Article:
In aesthetics you have to see for yourself precisely because what you have to see is not a property: your knowledge that an aesthetic feature is in the object is given by the same criteria that show that you see it. To see the sadness in the music and to know that the music is sad are one and the same thing. To agree in the judgment that the music is sad is not to agree in a belief, but in something more like a response or an experience (Eldridge 145: 2003).It has long been recognized that human beings find a variety of visual and auditory appearances to be extremely fascinating. Certain sunsets, flowers, birdsongs, and beautiful bodies, among natural things, and certain pots, carvings, vocalizations, and marked surfaces, among humanly made things, seem to engage eye or ear simultaneously with thoughtful mind. In experiencing such things, we feel we want the experience to continue for its own sake, at least for some further time. The Greek uses a phrase to kalon which means the fine, the good, or the beautiful, to describe many sorts of things that are attractive to mind and eye or ear, without sharply distinguishing natural beauty from artistic merit (or moral goodness). In the Symposium, Socrates reports that the priestess Diotima once instructed him in how a lover who goes about this matter correctly must begin in his youth to devote himself to beautiful bodies, first loving one body, then many (as he comes to understand that they are alike in beauty), next beautiful minds, beautiful laws and customs, beautiful ideas and theories, until finally he will come to love the Beautiful itself, absolute, pure, unmixed, not polluted by human flesh or colors or any other great nonsense of mortality. (Eldridge 47: 2003)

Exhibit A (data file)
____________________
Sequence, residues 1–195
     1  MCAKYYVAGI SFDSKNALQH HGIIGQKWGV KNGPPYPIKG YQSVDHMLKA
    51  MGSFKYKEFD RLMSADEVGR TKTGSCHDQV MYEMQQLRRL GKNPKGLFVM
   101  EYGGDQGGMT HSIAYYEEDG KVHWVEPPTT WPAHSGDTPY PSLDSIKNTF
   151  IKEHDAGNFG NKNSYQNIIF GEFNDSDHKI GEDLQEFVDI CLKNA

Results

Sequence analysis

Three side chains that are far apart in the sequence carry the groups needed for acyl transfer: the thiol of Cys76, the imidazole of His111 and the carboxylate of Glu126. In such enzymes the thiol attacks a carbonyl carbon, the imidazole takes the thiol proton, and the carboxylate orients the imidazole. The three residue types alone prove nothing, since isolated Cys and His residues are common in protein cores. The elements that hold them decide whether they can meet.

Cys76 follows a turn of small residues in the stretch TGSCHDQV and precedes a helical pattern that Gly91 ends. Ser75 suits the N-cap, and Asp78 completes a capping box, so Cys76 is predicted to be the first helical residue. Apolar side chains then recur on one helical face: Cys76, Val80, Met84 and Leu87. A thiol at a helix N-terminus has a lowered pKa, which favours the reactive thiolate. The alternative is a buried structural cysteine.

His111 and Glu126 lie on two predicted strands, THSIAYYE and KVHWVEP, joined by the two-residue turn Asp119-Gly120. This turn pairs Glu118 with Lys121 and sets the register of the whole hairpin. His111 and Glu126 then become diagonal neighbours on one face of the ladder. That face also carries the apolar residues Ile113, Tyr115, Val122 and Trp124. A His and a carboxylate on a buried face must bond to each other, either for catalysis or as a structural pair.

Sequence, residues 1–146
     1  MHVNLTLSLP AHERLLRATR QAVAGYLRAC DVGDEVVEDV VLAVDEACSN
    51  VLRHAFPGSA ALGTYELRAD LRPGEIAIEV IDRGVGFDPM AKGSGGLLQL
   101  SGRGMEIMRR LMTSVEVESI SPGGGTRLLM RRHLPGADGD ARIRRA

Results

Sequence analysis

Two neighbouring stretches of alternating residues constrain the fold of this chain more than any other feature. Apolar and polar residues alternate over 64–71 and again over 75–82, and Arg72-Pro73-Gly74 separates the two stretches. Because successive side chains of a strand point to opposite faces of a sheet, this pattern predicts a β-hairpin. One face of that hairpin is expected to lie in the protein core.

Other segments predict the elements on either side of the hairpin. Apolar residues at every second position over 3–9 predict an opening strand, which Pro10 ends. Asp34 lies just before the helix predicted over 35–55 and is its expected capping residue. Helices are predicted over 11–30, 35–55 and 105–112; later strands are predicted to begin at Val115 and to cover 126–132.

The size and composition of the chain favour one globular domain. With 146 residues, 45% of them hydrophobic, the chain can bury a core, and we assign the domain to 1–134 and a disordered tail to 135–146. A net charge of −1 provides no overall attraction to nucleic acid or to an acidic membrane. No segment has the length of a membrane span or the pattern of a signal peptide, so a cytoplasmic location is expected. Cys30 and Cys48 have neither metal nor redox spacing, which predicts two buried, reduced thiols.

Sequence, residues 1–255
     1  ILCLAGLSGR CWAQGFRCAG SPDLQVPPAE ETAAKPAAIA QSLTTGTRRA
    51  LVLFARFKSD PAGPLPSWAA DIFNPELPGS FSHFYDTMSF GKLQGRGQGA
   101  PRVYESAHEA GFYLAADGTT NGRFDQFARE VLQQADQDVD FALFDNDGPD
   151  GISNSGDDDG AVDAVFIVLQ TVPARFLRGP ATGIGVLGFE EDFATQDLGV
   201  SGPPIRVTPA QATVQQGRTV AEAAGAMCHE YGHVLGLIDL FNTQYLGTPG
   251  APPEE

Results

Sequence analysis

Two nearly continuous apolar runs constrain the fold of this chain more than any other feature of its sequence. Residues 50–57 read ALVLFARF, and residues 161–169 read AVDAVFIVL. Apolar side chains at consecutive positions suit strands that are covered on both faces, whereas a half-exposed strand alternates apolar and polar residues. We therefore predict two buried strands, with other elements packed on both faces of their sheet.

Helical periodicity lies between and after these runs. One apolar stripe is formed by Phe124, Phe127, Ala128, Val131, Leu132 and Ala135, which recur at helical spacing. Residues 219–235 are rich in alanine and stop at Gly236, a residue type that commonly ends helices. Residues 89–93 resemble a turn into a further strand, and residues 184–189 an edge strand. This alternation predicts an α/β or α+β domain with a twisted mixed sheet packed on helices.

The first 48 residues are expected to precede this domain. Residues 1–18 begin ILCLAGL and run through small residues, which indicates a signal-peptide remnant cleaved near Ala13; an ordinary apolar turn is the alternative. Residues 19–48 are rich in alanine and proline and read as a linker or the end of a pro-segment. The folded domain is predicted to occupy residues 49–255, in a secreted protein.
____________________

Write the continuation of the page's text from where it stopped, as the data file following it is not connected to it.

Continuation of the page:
In pleasing us, natural and artistic beauty, according to Kant, serve no outer purpose. The experience of beauty does not yield knowledge, and it does not of itself enable the satisfaction of desires for material goods. Yet it is not nonetheless merely agreeable or pleasant. instead, the experience of beauty matters. Beauty in nature makes us feel as though the natural world were congenial to our purposes and projects. In feeling the beautiful natural object to be as it were intelligible or made for us to apprehend it, we further feel that nature as a whole, which seems to shine forth in beauty, is favorable to our cognitive and practical interests as subjects. To experience a beautiful sunset, according to Kant, is to feel (though not to know theoretically) that nature makes sense. Kant’s terminology may be difficult, the experience he is describing is a familiar one. Beautiful objects of nature or art engage our attention. We love them by paying active, cognitive attention to them, even if we do not get anything from them or even if it brings out the inner most emotions from us.
The above discussion brings us to compare art with emotions, the reason why identifications with artists and imaginative participation in experiences and emotions are available to us is that works of art are made things, products or instances of human action. To understand an action, including actions of artistic making, is to understand its suitable motivation by reasons in contexts. Actions of artistic making, including the making of both narrative art and non-narrative art, are concerned with the shaping of materials to hold attention on a presented subject matter. (In abstract work, the presented subject matters are often centrally the perception and gestural action of the artist and the possibility of the audience’s imaginative participation in that perception and gestural action.) Whatever emotions figure in attention to this subject matter are emotions that members of the audience are solicited to experience and explore, as they participate in the attention that is embodied in the work. The understanding of art is much related to exploring, to understand art critically is to explore it imaginatively, guided by a range of relevant